And to the degree that people are better-educated these days and they’re more professional, there are more professional jobs, and to the degree that the professionals in the firm want to feel good about representing also the nonprofessionals in the firm.

Right.

I think that that can work.

Interesting. I mean, again, it works, again, in Silicon Valley, but they don’t want to work for drones, “I don’t want to work for ICE,” I want to like, we have the …

Look, we worked in a newsroom and we technically had a union, but that was sort of a joke. On the other hand, if the senior and the more influential people in the newsroom went in and saw and say, “You can’t treat people like this,” whether it’s what you’re doing with hours or how much you’re making us write, or you’re letting some people in who aren’t really paid a living wage. If we had said that to them, I think they would have had to respond to that. And it wouldn’t had to have been the union.

So, then it’s not an organized …

It’s not an organized, it’s not always threatening, “If you do this, we’re going to go out on a strike.” I just…

Right. So, you don’t think they need a hammer to …?

Well no, I don’t think they need a hammer. But look, in Silicon Valley, if the employees get together and say, “We could go out and start our own firm.”

That’s what they do.

And well they do that, but they say, “We don’t really want to do this. We’d like to work here, but you can’t treat us this way.”

Right. That’s because there’s a scarcity of talent here.

But I think it could happen in a lot of other places. Can it happen in a low-skilled McDonald’s franchise?

All of a sudden, yeah.

I think that’s hard.

Right.

But I wanted to get to another point, Kara, which is I don’t think actually government is going to be the key here.

Meaning, overhauling union rules?

The problem with, well, whatever. It’s union rules or antitrust rules or tax rules, I think you can use those to tilt the system a little bit toward fairness. But in the end of the day, it’s a matter of social norms. And this is one of, I think, the most important points of the book. There was a time in this country where companies would not have behaved that way because it just would have been socially unacceptable.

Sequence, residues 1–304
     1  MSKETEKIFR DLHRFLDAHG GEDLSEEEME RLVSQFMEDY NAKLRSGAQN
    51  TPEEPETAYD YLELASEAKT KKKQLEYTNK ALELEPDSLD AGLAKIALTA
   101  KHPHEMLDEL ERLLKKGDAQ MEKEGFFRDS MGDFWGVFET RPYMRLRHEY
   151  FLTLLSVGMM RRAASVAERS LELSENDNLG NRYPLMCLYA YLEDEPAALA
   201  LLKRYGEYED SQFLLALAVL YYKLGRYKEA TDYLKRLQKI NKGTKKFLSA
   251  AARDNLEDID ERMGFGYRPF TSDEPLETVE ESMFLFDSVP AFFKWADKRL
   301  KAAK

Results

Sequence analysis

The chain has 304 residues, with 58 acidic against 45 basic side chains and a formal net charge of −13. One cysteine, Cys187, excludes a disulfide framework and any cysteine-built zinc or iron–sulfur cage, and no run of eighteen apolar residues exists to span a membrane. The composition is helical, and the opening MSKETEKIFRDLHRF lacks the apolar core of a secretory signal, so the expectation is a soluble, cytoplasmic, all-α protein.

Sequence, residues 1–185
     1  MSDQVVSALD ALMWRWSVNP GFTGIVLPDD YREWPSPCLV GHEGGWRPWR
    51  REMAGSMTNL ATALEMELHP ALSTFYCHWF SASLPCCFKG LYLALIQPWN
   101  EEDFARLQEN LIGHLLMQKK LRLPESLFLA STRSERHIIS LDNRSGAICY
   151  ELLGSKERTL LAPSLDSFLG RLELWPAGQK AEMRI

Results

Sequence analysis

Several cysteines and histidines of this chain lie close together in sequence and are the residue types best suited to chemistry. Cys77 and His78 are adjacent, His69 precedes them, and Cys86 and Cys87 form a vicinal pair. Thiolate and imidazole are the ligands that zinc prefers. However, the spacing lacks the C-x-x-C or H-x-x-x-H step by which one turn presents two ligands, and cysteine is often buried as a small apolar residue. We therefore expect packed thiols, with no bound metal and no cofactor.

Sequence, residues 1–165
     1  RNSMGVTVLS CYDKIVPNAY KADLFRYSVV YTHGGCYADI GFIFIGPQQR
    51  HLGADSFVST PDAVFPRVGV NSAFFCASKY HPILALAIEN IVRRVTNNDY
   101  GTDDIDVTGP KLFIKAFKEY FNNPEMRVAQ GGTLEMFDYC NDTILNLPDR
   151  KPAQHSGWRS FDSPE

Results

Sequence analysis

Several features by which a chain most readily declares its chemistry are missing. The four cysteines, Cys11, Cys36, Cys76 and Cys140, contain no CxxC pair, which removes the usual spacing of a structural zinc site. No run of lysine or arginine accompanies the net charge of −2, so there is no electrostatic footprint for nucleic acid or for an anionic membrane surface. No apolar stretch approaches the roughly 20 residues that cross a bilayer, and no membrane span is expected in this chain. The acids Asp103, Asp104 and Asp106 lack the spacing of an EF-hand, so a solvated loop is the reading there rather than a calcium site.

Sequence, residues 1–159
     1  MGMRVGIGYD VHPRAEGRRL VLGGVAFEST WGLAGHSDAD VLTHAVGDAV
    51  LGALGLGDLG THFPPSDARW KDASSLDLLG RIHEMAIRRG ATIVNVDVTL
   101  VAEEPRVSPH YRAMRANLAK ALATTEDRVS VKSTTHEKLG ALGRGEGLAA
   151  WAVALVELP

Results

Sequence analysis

Absolutely.

Okay. The employees wouldn’t have accepted it. The community wouldn’t have accepted it. And the customers wouldn’t have accepted it.

100 percent.

Okay? And we got away from that. And we need to reestablish social norms so that customers and employees say, “We don’t want to work for a company like that, and we won’t work for, we don’t deal with a company like that.”

It’s fascinating, because that’s sort of a tall order these days, isn’t it?

Well, it’s a tall order, but let me just ask you: The #MetToo movement? What that’s about is a change of social norm.

Yes, right.

And it happened pretty damn fast.

Yeah.

And the other day, Amazon, the company we’ve been talking about-

$15…

Announced that they were going to now be paying their, they pay $15 and hour to employees that they had in many cases been paying a lot less than that.

Yeah.

And they had been resisting the idea that they were being unfair. And all of a sudden, after resisting this idea, they’re going to pay $15 an hour, which is pretty …

That’s because they see Washington coming.

Well, but see, they see unions coming, maybe they see Washington coming.

They don’t care about that.

But here’s another thing: I think what happened is that there were customers, probably upper-middle-class professional customers who care about these things, who say, “You know what? I’m not going to deal with Amazon anymore because of that.” They were getting pushback from customers.

And here’s another thing I bet they were getting pushback from: Young talent. I’m not talking about people who work in the distribution centers. But talent at the executive level who said, “I don’t want to work for a company like that.”

See, I don’t agree with you on that one. I think Jeff Bezos is a very canny person who could care less what anybody thinks.